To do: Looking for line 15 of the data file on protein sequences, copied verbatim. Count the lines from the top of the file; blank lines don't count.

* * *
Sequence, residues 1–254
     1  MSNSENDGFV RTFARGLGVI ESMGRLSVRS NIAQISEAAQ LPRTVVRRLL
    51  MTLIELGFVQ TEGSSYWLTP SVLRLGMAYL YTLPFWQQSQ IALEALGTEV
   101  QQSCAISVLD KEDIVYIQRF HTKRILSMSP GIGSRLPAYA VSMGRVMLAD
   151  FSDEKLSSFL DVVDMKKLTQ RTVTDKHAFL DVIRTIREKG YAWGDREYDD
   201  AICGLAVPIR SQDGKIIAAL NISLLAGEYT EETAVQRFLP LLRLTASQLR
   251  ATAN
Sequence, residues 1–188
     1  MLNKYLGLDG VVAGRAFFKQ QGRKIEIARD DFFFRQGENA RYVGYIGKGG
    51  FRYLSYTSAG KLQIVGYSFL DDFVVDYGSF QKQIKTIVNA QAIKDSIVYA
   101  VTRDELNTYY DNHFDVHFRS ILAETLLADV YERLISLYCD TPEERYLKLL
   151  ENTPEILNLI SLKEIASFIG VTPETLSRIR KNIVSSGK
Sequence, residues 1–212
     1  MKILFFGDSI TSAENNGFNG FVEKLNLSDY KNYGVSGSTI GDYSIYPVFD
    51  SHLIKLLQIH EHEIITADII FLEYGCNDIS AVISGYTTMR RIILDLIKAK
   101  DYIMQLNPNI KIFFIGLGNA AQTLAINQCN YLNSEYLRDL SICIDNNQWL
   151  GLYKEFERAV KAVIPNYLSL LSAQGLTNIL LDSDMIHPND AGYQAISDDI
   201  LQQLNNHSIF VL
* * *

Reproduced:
    51  SHLIKLLQIH EHEIITADII FLEYGCNDIS AVISGYTTMR RIILDLIKAK